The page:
No matter where you metal detect you are likely to unearth an old bullet or casing. From shotgun headstamps to Civil War Minie Balls, there are ways to help identify the ammunition in question. Thankfully, I’ve been able to get some insight from Aquachigger who has agreed to share some of his knowledge.
In this article we will discuss the following:
- How to identify the type and size of ammunition
- Determining the age of ammunition found while metal detecting
- Sources to help aid in identifying ammunition
According to Gun Digest, there have been over four hundred different commercial headstamps and more than eight hundred military headstamps used. This does not include old lead rounds. That can make identifying what you have found difficult at times. More modern cartridges offer details on their headstamps. Here they usually have the size, maker mark, and occasionally the production date.
The same can be said of shotgun headstamps. Shotgun shells were made starting in the mid-1800s. They originally started out as brass and were eventually changed to paper shells in the 1870s, and then to today’s modern plastic. Each headstamp offers details about the maker and size. Designs each maker used on their headstamps changed over the years and can aid in the process of determining its age.
Lead ammunition has seen a long history of evolution. According to the Portable Antiquities Scheme website, the lead shot has been around since the 15th century. Early in the colonization of the United States, rifles were loaded with gunpowder and a lead shot. Not until the 1800s were bullets for rifled weapons created and began being designed in what is known as a conical shape instead of the long-used musket ball or lead shot.
Early US military training sites and campgrounds, battlefields, and even early homesites can be sources for metal detecting different forms of lead ammunition. Whether it is a lead shot or the ever-sought-after Civil War two or three-ringer bullet detectorists are finding them in many different locations. Soldiers who came home from the war carried ammunition home with them, so it is possible to find those Civil War Minie balls in places where the war did not take place.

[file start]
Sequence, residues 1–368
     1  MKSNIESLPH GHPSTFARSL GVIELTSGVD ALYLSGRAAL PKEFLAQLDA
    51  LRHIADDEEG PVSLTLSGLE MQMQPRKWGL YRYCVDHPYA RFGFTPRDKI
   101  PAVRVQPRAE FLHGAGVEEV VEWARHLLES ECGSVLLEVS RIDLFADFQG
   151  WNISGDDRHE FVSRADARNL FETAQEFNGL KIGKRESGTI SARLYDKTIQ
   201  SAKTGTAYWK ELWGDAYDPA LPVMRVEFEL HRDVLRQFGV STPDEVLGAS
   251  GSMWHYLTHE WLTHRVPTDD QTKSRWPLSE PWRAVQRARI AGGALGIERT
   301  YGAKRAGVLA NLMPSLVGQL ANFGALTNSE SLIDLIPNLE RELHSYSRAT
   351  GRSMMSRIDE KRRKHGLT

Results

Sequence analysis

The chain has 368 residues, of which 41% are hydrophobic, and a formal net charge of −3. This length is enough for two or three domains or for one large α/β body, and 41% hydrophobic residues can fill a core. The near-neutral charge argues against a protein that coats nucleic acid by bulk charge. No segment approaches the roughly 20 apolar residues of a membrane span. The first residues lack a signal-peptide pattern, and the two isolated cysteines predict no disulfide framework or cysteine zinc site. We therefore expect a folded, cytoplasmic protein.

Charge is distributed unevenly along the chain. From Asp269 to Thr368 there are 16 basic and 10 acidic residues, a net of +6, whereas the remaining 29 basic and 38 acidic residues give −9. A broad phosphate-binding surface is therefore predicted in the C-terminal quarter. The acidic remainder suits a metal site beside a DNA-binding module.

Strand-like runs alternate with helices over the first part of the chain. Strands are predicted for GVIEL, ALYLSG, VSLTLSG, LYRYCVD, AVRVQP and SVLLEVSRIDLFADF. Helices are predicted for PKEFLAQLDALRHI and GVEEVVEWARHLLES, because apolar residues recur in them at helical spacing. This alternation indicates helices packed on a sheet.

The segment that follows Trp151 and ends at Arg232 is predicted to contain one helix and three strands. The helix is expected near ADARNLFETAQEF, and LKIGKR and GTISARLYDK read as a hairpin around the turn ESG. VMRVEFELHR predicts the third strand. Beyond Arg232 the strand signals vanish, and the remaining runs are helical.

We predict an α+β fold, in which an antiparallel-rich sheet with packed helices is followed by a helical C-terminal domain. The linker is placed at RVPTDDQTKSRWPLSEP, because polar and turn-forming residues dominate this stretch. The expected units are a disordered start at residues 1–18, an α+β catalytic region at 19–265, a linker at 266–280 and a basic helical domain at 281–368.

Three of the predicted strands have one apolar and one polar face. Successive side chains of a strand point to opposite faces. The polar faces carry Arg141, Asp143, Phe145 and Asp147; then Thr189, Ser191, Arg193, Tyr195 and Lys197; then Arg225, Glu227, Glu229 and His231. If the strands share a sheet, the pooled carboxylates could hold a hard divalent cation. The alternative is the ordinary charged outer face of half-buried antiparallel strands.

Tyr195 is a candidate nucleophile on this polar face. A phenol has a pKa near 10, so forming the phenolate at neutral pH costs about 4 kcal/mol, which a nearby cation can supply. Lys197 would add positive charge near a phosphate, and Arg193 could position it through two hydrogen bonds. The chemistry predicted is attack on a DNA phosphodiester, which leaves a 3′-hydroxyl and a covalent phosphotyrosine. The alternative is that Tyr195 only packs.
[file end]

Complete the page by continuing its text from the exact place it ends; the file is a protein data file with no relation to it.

In order to gain more insight into old ammunition that is a common metal detecting find, I reached out to Beau Ouimette the YouTube godfather of metal detecting known as Aquachigger. If you have watched his videos and followed along with his adventures, then you know he is an incredibly knowledgeable adventurer to rely on. I sent Aquachigger a few questions I have seen in metal detecting forums and he kindly offered some advice:
Are all three-ringer and two-ringer Minie ball bullets found metal detecting from the Civil War?
Aquachigger: Minie balls must have 3 rings (actually groves) to be classified as a Minie ball. The Minie ball was created and adopted by the military just before the CW (1858ish) but was used for some years (maybe 10ish) afterward but mostly out west in the Indian wars. Other bullets may have 2 rings (groves) but are not actually classified as Minieballs. Both were probably used by civilians for hunting for a short period of time after the war, but most of the Minieballs found will have been lost during the war.
How can detectorists determine the size of the ammunition they have found?
Aquachigger: By using calipers to measure the width.
What is the best way for detectorists to help determine the age of the ammunition they have found?